In 1920, Gibson headed a syndicate of illustrators, writers, and staff members and bought Life magazine at auction with Gibson having the controlling shares. New competition from the New Yorker, Fortune and Time all pressured Life, and it slumped further into near demise when Gibson sold it in 1932. At the retirement age of 65, he obligingly retired from Life, and finally took up oil painting and ventured into portraits. The American Academy of Arts and Letters exhibited his paintings and a New York Times critic exclaimed, "Make no mistake about it, Charles Dana Gibson is a painter." The public had long assumed that pen and ink were his only tools, but they soon forgot him, his technique, and 'The Gibson Girl.' In the autumn of 1944, Gibson suffered a heart attack on his island off the coast of Maine. By request of President Franklin D. Roosevelt, Gibson was flown via Navy seaplane to New York, where he died a few weeks later.

This part 1 of a 12-part series on the works of Charles Dana Gibson:

1893 "There is no harm in a summer flirtation," says many a young man. But what is fair for one is fair for the other, and...
Life Publishing Co.

1893 The Dog: Here he has been hanging around us for a month, and we leave to-night.
Life Publishing Co.

1893-94c "And Art Subdues the Strong," - Homer.
 pen and ink on paper

1893-94c One Minute After Eight.

1894 In Leap Year.
The ladies, after a little wine and tobacco, join the gentlemen in the drawing room.

1894 Puzzle.
 Find the two lovers.

1894 The American Girl Abroad.
Some Features of the Matrimonial Market.

1894 The Young One: I beg your pardon, Sir, but I believe it is my turn next.

1894 Distinguished Guests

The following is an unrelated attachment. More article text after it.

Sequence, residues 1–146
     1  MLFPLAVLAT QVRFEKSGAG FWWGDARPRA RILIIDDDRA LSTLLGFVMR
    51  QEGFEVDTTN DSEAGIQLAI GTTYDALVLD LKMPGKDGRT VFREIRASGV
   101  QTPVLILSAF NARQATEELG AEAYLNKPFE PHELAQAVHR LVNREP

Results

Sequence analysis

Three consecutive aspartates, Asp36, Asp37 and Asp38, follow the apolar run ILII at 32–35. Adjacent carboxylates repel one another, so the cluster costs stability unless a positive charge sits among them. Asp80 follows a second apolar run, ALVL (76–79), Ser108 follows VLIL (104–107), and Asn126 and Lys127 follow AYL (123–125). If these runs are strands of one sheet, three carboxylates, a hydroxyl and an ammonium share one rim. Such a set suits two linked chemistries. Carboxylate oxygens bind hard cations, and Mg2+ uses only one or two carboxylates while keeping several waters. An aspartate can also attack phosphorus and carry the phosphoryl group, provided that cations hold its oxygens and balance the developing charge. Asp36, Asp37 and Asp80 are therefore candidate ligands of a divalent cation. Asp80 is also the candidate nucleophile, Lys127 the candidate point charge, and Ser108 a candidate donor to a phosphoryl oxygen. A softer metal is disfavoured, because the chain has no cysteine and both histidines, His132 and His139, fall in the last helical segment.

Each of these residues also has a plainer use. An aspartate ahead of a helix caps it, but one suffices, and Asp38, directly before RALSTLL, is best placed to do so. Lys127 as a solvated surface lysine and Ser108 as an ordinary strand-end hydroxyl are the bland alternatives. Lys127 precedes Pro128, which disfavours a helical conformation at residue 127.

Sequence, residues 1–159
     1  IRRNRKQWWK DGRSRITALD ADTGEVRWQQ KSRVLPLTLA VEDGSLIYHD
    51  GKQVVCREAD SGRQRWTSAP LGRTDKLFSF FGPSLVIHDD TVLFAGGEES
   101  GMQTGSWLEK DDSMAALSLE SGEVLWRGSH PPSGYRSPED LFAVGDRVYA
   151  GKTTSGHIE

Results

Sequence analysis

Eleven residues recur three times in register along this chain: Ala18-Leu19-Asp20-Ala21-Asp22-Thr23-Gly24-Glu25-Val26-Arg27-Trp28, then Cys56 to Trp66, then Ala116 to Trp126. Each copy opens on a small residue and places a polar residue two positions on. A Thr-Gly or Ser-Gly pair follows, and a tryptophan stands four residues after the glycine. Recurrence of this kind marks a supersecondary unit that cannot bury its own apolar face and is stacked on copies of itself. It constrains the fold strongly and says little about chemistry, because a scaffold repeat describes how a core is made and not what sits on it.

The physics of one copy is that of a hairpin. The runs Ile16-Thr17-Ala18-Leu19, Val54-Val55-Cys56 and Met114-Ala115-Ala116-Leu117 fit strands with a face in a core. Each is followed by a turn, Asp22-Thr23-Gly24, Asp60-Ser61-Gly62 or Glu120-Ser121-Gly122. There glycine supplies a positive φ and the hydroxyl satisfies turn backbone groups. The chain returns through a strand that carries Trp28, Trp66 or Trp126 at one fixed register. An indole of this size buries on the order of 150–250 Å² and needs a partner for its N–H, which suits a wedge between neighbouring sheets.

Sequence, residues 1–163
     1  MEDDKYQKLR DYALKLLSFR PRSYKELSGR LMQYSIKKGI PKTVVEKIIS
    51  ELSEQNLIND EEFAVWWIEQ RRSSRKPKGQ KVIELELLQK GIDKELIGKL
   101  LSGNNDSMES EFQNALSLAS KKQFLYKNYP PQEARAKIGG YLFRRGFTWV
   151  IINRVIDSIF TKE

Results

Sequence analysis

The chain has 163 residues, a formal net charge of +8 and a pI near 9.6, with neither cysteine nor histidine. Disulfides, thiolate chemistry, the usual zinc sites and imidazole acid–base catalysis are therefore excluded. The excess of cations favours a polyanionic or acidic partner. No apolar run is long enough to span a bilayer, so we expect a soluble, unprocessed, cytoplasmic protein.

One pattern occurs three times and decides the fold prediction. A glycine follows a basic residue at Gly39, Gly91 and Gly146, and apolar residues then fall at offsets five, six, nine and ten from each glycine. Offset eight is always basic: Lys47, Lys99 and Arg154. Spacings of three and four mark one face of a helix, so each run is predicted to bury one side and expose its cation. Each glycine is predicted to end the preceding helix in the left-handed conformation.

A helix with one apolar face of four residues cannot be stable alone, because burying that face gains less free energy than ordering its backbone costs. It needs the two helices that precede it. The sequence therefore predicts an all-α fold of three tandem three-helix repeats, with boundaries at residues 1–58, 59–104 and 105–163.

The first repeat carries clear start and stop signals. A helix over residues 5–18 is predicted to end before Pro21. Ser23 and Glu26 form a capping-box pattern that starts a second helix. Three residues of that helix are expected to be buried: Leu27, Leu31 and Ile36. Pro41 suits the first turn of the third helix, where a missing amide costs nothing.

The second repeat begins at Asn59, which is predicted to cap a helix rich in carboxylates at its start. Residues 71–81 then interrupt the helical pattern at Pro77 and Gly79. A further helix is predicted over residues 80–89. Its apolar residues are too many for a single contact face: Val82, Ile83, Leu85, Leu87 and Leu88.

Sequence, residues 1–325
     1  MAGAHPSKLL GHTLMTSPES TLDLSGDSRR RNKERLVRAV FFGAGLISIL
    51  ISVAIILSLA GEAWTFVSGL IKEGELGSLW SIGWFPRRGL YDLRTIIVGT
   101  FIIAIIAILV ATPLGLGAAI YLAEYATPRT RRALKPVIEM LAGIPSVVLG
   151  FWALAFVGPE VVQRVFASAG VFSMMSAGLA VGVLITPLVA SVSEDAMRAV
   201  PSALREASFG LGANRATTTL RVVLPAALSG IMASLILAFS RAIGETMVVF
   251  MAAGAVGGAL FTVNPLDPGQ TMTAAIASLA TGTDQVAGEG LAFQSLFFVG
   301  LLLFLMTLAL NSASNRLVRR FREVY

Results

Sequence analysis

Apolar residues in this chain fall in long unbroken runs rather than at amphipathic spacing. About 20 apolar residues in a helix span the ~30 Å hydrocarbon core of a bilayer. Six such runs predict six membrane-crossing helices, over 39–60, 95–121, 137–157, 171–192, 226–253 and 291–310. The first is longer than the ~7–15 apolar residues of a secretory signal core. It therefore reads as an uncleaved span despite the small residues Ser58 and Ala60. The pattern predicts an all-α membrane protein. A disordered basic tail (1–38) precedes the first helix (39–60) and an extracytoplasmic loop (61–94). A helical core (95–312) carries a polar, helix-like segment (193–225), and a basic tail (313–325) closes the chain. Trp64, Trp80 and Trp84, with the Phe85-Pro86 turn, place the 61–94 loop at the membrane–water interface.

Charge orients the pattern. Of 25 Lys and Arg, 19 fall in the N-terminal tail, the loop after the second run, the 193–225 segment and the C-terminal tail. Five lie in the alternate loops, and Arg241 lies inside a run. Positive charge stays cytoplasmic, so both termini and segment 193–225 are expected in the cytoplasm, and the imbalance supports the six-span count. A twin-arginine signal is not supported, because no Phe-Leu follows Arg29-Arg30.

1894 His everlasting experiments with ill-mated pairs.

1894 In Paris.
Some sidewalk types.

Life Publishing Co.

1894 In Paris.
A café artist.
Life Publishing Co.

1894 In Paris.
At the Jardin de Paris.

Life Publishing Co.

1894 Life's Birthday.

1894 Social Pastimes
pen and ink

1894 That Delicious Moment
pen and ink

1894 The American Girl Abroad.
 pen and ink

1894 The Rival Operas.
 line photo-engraving 24 x 37 cm
New York Public Library

1894 Vacation is over

1894-1908c Puzzle
A funny story. Find the Englishman.

1894-1908c The Wretched Heathen.

1894-1908c When our eccentric relative becomes an object of interest

1895 A Lovers' Quarrel.
Some mothers are good matchmakers, but -
Life Publishing Co.

1895 College Girls by Abbe Carter Goodloe
published by Charles Scribner's Sons, New York
poster 38 x 31 cm

1895 College Girls by Abbe Carter Goodloe
"She has stolen furtive glances at her"

1895 Scribner's April
Library of Congress, Washington, DC

1895 Scribner's for June

1895 The Coming Game.
Yale versus Vassar
pen and ink on paper
Life Publishing Co.

1895 The Princess Aline by Richard Harding Davis
published by Harper & Brothers, New York
 poster 51 x 34 cm

1895 The Princess Sonia
relief and letterpress 47 x 34.2 cm ( sheet )

1895 Their presence of mind
They had been in their room but a moment when they were startled by a knock.
Life Publishing Co.

1895-96c The Hunt Ball.

1895-96c Untitled
( seamstress and client )

1895-96c Untitled

1896 A Child of Fortune

1896 A Child of Fortune


1896 Edge of the Orient
book cover illustration

1896 In Days to Come the Churches May Be Fuller.
 Life Publishing Co.

1895 About Paris illustrated by Charles Dana Gibson
 Harper & Bros., New York:

1895 "Around some stately dignitary"

1895 "Standing on their feet for hours at a time"

1895 "Tes dans la rue, va, t'es cheztoi"

1895 A Café Chantant

1895 At the Jardin de Paris

1895 In the Latin Quarter

1895c American Bock
pen and ink over graphite laid down on paperboard  

52.7 x 72.4 cm

1895c Choucroute et Jambon
pen and ink over graphite 66 x 83.8 cm